Never let your guard down or be fooled into thinking that you have this disease under total control. No matter how long you’ve been symptom free or at your baseline, asthma can lurk in the shadows for months, years, even decades. Then WHAM, just when you think the tables have turned and you got this thing licked, you start exacerbating and end up in the intensive care unit again.
As Ive written about previously, if and when we fully recover from a really bad exacerbation, we asthmatics tend develop a sense of amnesia around that particular event and all the suffering we went through because of it. When you’re finally breathing better again, you don’t dwell on the times when your breathing was super bad. You just go on with your life as if nothing ever happened and you forget about it. That’s the way it should be, and that’s why asthma can be so cruel and untrustworthy. Just when you start moving ahead and start focusing on the better aspects of life, asthma slaps you right in the face and says…. “Hello person, I’m still here. You can’t rid of me that easy. All the medications, treatments and specialists in the world are not going to make me disappear completely. I’ll always be around to haunt you and figure out ways to make your life miserable, or I might even kill you”.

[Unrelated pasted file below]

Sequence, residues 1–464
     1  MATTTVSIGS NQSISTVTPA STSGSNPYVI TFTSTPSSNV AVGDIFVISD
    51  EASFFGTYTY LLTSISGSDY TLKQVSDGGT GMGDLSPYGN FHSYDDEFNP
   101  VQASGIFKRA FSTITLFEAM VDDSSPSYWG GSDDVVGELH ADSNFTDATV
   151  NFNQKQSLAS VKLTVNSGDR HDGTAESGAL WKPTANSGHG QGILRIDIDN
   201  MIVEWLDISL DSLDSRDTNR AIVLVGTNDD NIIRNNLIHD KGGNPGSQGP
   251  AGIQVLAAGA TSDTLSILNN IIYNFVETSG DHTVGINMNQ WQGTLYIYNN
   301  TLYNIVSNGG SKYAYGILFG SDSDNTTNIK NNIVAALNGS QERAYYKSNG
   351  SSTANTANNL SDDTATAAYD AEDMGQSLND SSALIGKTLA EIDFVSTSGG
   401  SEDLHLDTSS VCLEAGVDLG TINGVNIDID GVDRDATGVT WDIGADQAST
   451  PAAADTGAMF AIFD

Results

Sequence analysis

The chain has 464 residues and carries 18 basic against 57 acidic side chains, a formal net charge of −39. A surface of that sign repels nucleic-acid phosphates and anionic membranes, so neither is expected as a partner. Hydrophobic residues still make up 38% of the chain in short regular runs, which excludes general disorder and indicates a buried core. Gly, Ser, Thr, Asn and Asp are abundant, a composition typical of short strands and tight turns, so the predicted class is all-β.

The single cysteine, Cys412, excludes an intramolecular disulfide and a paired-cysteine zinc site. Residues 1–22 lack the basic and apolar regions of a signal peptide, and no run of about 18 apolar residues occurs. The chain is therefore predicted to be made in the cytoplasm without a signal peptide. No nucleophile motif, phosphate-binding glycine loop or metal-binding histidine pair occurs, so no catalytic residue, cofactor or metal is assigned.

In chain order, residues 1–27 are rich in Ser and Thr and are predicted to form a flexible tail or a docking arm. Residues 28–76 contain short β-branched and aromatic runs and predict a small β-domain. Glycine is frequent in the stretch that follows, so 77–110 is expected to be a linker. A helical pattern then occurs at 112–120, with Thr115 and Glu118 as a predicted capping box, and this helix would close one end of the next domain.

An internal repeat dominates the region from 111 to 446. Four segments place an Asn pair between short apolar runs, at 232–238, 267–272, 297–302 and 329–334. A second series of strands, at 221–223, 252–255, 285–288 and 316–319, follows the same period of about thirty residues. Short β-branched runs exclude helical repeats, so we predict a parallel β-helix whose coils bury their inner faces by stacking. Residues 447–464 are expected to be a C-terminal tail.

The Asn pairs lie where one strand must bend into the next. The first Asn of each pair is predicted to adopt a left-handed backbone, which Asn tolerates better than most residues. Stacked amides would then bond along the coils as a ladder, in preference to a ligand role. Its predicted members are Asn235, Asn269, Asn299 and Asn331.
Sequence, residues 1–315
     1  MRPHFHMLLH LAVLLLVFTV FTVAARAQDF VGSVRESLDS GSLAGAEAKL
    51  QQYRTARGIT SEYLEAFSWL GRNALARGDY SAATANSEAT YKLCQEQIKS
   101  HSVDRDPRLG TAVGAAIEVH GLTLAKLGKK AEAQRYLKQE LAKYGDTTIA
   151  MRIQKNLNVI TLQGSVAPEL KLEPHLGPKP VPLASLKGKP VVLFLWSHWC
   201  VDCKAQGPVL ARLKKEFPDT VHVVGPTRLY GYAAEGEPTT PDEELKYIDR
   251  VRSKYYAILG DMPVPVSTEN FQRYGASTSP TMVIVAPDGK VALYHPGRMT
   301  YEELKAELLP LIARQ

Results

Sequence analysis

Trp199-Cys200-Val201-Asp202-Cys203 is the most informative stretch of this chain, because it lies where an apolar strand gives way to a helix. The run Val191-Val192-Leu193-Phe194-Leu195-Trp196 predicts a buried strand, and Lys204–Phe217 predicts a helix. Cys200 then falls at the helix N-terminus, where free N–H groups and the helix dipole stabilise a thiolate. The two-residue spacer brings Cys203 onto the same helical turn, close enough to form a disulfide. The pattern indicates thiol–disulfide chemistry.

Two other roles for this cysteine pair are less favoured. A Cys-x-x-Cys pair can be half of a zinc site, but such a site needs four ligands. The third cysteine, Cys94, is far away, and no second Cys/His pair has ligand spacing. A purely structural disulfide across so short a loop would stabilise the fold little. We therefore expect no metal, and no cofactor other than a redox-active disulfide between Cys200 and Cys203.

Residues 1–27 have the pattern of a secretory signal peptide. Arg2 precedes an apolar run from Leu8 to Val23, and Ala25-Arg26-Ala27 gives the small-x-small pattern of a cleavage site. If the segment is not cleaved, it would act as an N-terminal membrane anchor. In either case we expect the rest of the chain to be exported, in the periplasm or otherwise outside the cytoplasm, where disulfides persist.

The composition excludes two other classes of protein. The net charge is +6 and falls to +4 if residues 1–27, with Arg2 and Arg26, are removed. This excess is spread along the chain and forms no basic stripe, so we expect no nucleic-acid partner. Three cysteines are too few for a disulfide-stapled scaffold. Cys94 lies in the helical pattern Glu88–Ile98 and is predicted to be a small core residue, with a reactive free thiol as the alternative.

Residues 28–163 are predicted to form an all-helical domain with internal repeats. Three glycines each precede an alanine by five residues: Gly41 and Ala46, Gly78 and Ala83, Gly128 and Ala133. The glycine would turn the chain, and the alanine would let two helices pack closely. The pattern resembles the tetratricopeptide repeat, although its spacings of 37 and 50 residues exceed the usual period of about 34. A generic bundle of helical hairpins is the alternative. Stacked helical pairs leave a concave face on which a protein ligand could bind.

Having survived literally hundreds of severe asthma exacerbations, and knowing deep down that the next big one is always just around the corner, I too have been occasionally fooled into thinking that maybe this current attack will be the last. Ive just come off a 2 year long string of bad attacks that occurred pretty much back to back…It was a really tough period for me. Thankfully, that bad patch seemed to have come to a head about 3 months ago. After that that attack I eventually recovered and had even built my physical endurance back up to the point of walking 3 miles a day again. Then just two days ago, as random as can be, I noticed my breathing becoming more labored than usual. I cant express to you the feeling of dread I felt with thatrealization. It was like someone kicked me in the gut. Back to reality, here we go again. Sure enough, a new exacerbation and the inevitable 131st hospitalization and torture fest are underway. All I can do now is focus on getting through it, so that I can start getting better again.
Moral of the story, if you have breathing problems, don’t worry about the future. Live those precious “good” days like there’s no tomorrow.